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3rd January 2020, 20:06 #1
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3rd January 2020, 20:54 #2
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Re: Is it stable that phase drop to close to 0 but rise to 75 degree when gain is 0dB
It may not be. Two ways to know.
1. generate a Nyquist plot.
2. Run a transient analysis to check the step response for oscillations.
Also, you may try to move the zero towards lower frequencies and thus not let the phse drop so much.
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3rd January 2020, 22:50 #3
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Re: Is it stable that phase drop to close to 0 but rise to 75 degree when gain is 0dB
Why Phase starts from 180 degree ? Is it an Inverter Amplifier ??
If it's so, the danger is much behind from where the Gain drops down to 0.
While the Gain is higher while the Phase is close to 0, so it will close to oscillate..
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4th January 2020, 01:10 #4
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Re: Is it stable that phase drop to close to 0 but rise to 75 degree when gain is 0dB
The bode plot is simple enough (monotonous gain, only one crossing of the 0 dB line) to see that the circuit is unconditional stable. Nyquist criterion can be applied, but it's not necessary to assess stability in this case.
The phase margin is 72 degree when the gain is 0dB. However, the phase margin is close to 0 before the frequency reaches the unitygain bandwidth.
Although the amplifier is stable, the "sagging" phase will probably show in the transient response.
Why Phase starts from 180 degree ? Is it an Inverter Amplifier ??
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4th January 2020, 04:51 #5
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Re: Is it stable that phase drop to close to 0 but rise to 75 degree when gain is 0dB
On the face of it  it is quite stable  adding other delays to bring the total delay to 360 deg is where it will start to oscillate  then the feedback reinforces the input  at 180deg the feedback still subtracts from the input ...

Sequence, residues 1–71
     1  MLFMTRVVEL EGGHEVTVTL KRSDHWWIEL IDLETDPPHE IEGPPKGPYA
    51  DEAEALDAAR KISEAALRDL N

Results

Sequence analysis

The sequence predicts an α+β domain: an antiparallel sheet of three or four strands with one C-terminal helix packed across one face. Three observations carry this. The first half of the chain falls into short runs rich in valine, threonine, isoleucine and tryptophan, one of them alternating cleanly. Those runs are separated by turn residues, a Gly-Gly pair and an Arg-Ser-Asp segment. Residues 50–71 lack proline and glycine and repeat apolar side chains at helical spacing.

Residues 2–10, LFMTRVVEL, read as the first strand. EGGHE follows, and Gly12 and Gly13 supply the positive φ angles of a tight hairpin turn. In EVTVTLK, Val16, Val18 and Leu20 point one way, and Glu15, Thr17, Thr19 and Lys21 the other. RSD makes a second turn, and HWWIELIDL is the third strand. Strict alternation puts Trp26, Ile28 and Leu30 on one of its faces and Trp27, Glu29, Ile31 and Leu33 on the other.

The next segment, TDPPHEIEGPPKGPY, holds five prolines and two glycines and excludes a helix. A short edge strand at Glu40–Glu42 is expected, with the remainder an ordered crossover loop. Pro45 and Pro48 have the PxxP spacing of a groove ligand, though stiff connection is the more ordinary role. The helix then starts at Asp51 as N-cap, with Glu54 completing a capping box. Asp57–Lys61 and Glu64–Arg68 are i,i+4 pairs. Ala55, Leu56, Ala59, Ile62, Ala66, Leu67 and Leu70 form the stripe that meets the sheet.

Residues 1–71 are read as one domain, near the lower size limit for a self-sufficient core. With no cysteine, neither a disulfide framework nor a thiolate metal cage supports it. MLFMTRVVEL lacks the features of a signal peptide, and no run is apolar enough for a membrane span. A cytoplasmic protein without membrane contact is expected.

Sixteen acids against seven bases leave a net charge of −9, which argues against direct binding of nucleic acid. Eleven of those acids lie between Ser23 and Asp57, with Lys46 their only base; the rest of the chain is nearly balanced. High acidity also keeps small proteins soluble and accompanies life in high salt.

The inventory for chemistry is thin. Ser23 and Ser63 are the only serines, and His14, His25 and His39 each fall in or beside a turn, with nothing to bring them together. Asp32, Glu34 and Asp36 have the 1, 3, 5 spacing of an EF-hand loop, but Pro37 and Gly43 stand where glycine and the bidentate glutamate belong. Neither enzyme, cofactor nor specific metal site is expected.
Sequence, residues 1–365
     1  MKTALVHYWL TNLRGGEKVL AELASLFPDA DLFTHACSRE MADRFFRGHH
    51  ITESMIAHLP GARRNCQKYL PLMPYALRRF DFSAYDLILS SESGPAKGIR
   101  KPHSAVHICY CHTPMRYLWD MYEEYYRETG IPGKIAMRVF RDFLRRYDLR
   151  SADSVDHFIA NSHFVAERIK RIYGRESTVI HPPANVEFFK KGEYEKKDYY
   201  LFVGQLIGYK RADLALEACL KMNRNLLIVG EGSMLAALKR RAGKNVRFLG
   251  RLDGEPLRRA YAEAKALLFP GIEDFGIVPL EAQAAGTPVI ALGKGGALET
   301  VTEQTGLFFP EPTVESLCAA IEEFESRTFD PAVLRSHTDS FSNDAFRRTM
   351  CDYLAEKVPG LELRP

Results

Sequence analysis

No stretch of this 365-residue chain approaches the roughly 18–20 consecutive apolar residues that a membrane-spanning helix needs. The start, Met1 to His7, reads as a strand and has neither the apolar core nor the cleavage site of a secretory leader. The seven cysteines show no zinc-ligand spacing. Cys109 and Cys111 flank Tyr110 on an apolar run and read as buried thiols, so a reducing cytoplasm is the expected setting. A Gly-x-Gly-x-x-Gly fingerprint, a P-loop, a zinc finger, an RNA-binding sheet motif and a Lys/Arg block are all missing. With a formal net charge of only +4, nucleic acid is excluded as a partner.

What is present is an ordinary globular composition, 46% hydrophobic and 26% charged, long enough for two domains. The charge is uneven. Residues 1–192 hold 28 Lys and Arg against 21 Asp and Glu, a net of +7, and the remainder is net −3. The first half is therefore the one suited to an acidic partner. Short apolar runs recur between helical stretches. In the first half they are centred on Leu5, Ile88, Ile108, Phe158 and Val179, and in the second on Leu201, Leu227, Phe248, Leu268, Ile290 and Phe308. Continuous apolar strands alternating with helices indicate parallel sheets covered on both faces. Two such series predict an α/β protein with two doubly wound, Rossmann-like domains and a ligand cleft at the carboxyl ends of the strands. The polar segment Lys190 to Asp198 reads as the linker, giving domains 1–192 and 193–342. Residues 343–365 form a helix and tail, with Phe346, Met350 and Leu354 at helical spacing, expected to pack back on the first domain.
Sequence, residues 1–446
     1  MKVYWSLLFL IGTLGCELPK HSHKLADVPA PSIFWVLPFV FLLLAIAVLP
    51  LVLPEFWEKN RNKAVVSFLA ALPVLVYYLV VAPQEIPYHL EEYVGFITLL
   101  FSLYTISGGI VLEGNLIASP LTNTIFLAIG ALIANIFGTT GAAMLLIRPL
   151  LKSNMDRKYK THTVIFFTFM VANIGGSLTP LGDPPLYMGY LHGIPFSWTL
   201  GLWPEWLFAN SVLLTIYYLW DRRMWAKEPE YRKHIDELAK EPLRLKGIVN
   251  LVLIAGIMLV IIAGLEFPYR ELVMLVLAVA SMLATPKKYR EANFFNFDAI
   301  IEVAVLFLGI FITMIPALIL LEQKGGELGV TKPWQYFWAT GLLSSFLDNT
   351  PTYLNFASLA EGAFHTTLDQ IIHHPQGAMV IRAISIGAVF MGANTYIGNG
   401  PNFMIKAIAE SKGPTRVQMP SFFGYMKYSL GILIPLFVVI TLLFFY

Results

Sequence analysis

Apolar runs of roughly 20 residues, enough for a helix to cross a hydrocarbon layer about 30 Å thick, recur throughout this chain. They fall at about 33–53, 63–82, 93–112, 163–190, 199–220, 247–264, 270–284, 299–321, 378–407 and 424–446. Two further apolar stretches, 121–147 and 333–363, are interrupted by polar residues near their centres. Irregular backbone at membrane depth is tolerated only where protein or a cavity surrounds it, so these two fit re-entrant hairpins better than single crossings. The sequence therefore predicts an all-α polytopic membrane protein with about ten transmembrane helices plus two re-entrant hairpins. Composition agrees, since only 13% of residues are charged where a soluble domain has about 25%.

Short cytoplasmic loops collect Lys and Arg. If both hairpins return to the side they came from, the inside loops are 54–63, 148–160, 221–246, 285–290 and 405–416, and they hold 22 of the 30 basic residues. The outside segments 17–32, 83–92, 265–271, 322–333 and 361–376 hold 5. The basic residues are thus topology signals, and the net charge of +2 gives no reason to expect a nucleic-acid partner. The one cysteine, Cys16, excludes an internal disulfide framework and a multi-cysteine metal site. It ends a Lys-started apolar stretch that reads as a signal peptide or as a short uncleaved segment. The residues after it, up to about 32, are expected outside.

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4th January 2020, 12:18 #6
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Re: Is it stable that phase drop to close to 0 but rise to 75 degree when gain is 0dB
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4th January 2020, 17:06 #7
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Re: Is it stable that phase drop to close to 0 but rise to 75 degree when gain is 0dB
Thank you all of you. Yes, it is an inverting amplifier. Thank FvM to give the simulation comparison.

5th January 2020, 15:42 #8
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Re: Is it stable that phase drop to close to 0 but rise to 75 degree when gain is 0dB
Is this a fixed frequency inverter (50 or 60hz for example)? If so PR (Proportional Resonant) control is another good option.
PR control adds a tuned resonant element to the feedback that works like an AC integrator. Any error signal at the tuned frequency is amplified creating very high gain at a that single frequency.
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10th January 2020, 19:54 #9
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Re: Is it stable that phase drop to close to 0 but rise to 75 degree when gain is 0dB
It is an opamp, not a fixed frequency inverter. Thank you for the information.

11th January 2020, 00:48 #10